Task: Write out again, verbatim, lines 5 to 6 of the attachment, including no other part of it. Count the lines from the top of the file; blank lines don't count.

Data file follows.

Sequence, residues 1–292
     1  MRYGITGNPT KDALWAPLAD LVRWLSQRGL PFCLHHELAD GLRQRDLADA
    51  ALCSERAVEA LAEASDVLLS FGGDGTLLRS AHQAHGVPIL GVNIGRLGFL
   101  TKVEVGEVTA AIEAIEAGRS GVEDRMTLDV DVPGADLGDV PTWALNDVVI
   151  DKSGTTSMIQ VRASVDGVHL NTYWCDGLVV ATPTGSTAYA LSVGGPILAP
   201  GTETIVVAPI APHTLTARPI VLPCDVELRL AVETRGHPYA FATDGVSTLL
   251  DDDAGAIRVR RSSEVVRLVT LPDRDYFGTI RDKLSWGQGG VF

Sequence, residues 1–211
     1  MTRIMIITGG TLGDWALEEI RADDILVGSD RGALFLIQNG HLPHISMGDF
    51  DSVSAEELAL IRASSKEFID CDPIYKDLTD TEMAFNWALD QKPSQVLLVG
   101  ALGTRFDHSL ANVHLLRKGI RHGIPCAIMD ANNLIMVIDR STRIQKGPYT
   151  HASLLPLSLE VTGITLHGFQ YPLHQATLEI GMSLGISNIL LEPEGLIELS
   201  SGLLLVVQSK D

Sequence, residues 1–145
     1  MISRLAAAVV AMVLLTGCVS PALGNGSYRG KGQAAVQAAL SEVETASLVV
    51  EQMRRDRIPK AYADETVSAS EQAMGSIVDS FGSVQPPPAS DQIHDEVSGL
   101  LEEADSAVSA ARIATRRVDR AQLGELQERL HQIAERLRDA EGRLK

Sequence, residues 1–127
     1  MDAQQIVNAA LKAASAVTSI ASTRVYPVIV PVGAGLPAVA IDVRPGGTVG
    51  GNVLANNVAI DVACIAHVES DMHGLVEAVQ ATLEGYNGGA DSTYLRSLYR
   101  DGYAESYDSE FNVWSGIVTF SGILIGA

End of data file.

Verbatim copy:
   151  DKSGTTSMIQ VRASVDGVHL NTYWCDGLVV ATPTGSTAYA LSVGGPILAP
   201  GTETIVVAPI APHTLTARPI VLPCDVELRL AVETRGHPYA FATDGVSTLL